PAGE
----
The commission reconvened in open session on March 27. Judge Parrella began the session by recapping the RMC 802 conference held on March 26, in which the commission decided to hear arguments on the issue of whether the commission’s ruling in AE 502BBBB, with respect to the existence of personal jurisdiction, should be applied to the other accused who were not the proponents of the original motion. The issue before the commission was whether its finding of personal jurisdiction over al-Hawsawi was res judicata with respect to al-Baluchi and perhaps other defendants as well.

Connell’s position was that RMC 812, which covers joint and common trials, provides that each accused shall be accorded the rights and privileges as if tried separately, giving the other defendants the ability to raise their own jurisdictional claims. Connell added that res judicata’s notion of collateral estoppel, which is what would apply in this case, is not implicated in criminal cases. Beyond the legal issue of res judicata, Connell also noted that when al-Baluchi was precluded by the military commission from litigating personal jurisdiction in 2017, everyone in the courtroom understood the difference between al-Baluchi’s and al-Hawsawi’s claims. Furthermore, Connell maintained that the commission promised that its decision regarding al-Hawsawi would not be held against the other defendants, especially as al-Hawsawi’s and al-Baluchi’s defense strategies started to diverge.

Al-Baluchi’s approach was that there were a wide variety of U.S. actions that showed the nonexistence of hostilities. In contrast, al-Hawsawi argued that, given the existence of all of these factors that the government has identified in Hamdan, U.S. actions prior to 9/11 still did not rise to the level of a noninternational armed conflict and thus not a conflict subject to the laws of war as defined in the Military Commissions Act. Connell concluded by highlighting that when Judge Parrella’s predecessor, Judge James Pohl, ruled on al-Hawsawi’s challenge, Pohl explicitly exempted al-Baluchi from that evidence and argument. It would therefore be a violation of due process to hold al-Baluchi to al-Hawsawi’s litigation strategy.

James Harrington, counsel for Ramzi Binalshibh, added that, like al-Baluchi, Binalshibh does not accept that he is bound by res judicata or law of the case other than if the commission decides separately that its prior rulings also apply to Binalshibh.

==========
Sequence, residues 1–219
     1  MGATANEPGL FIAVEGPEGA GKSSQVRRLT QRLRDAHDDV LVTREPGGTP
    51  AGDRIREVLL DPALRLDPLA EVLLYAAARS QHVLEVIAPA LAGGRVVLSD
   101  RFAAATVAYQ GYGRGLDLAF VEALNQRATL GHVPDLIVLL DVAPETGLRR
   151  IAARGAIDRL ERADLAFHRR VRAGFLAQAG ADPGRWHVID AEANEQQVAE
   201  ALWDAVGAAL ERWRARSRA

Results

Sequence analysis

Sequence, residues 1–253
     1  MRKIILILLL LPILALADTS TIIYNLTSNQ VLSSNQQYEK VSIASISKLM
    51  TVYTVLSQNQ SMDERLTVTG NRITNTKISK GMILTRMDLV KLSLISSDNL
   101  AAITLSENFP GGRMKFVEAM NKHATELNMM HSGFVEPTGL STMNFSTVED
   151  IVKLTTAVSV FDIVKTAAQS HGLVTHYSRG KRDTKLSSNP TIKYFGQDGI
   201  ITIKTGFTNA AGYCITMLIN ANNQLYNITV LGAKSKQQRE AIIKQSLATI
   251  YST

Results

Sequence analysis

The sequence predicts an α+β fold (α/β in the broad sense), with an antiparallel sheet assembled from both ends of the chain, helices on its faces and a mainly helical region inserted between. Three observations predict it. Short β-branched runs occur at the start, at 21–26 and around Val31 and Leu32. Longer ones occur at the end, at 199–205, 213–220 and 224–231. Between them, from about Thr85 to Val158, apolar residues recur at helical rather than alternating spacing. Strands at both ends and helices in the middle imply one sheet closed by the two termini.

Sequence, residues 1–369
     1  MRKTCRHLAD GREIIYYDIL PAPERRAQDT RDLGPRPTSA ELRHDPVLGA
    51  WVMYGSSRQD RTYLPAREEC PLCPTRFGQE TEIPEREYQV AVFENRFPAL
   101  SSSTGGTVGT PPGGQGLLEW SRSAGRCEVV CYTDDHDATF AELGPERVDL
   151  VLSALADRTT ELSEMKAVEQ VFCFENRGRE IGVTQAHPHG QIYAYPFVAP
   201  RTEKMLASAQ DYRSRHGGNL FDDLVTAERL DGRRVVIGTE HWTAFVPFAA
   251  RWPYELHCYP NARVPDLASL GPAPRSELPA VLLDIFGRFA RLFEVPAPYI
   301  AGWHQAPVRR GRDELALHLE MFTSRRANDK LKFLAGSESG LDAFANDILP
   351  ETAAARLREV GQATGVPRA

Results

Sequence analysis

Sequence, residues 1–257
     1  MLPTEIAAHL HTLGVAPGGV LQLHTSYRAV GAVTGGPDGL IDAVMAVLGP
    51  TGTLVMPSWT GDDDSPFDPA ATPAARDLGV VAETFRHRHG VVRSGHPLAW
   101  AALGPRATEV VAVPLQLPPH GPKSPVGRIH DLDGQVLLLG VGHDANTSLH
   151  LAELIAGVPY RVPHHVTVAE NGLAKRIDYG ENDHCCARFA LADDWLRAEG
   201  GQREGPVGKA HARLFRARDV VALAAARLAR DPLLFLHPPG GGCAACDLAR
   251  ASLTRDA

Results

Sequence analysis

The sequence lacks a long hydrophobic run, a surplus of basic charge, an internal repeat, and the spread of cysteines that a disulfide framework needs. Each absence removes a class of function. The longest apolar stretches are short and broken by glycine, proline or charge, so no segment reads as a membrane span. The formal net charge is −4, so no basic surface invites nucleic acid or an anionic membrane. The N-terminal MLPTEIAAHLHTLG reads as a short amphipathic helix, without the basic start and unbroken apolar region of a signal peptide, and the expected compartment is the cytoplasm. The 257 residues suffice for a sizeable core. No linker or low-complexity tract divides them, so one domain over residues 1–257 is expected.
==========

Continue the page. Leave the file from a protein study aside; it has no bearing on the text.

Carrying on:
Trivett responded for the government and took the position that al-Baluchi and the other three defendants were free to argue that they were not members of al-Qaeda and did not materially support the 9/11 attacks, but they could no longer argue that the government did not have jurisdiction because it was not yet at war with al-Qaeda on 9/11. Trivett maintained that this was a very simple issue because al-Baluchi filed 14 different motions and had had his day in court. Trivett also argued that, as a practical matter, the commission could not make a determination that hostilities existed as a matter of law between the U.S. and al-Qaeda for one defendant and not another.

Trivett added that the only difference between al-Baluchi and al-Hawsawi was that al-Baluchi’s counsel wanted to challenge the government factually while al-Hawsawi’s counsel wanted to place a witness on the stand. Trivett added that while the nexus between hostilities and a particular defendant is an issue that each defense team can litigate, the existence of hostilities has been determined as a matter of law. Trivett pointed to the Supreme Court’s conclusion in Hamdan that hostilities rising to the level of armed conflict existed on or before February 1999. Trivett added that, within the context of the nexus argument, the defense should be required to file an additional jurisdictional motion discussing exactly which components of the Hamdan nexus standard Connell is challenging. Once this motion was filed, Trivett reasoned, the commission would know exactly which issues al-Baluchi was conceding and which issues al-Baluchi believed showed the U.S. did not have jurisdiction over him.

Connell responded that it was not until January 2018 that it was completely clear to him that he should have filed a motion to suppress rather than relying on Judge Pohl’s division of the two hearings. Connell stressed that Judge Pohl’s order, AE 502BBBB, explicitly made rulings with respect to al-Hawsawi and al-Baluchi and then deferred al-Baluchi’s litigation pending the filing of a motion to suppress.

* * *

The remainder of the week’s session, in which Parrella planned to take closed-court testimony from a former CIA black-site interpreter who ended up on a 9/11 case defense team, was stayed by the CMCR in response to petitions from al-Baluchi and outside media and civil liberties organizations. The petitioners seek review of Parrella’s decision to take the interpreter’s testimony in closed session rather than open session.

The commission will next reconvene from April 29 to May 3.

Jacques Singer-Emery is a graduate of Harvard Law School and previously spent four years in the New York Police Department (NYPD), first as a policy advisor to Police Commissioner Bratton and then as a Case Analyst for the NYPD Intelligence Bureau. He is the Editor-in-Chief of the National Security Law Journal and a researcher for Professor Philip Heymann and Professor Blum. Jacques graduated Magna Cum Laude from Princeton University in 2013.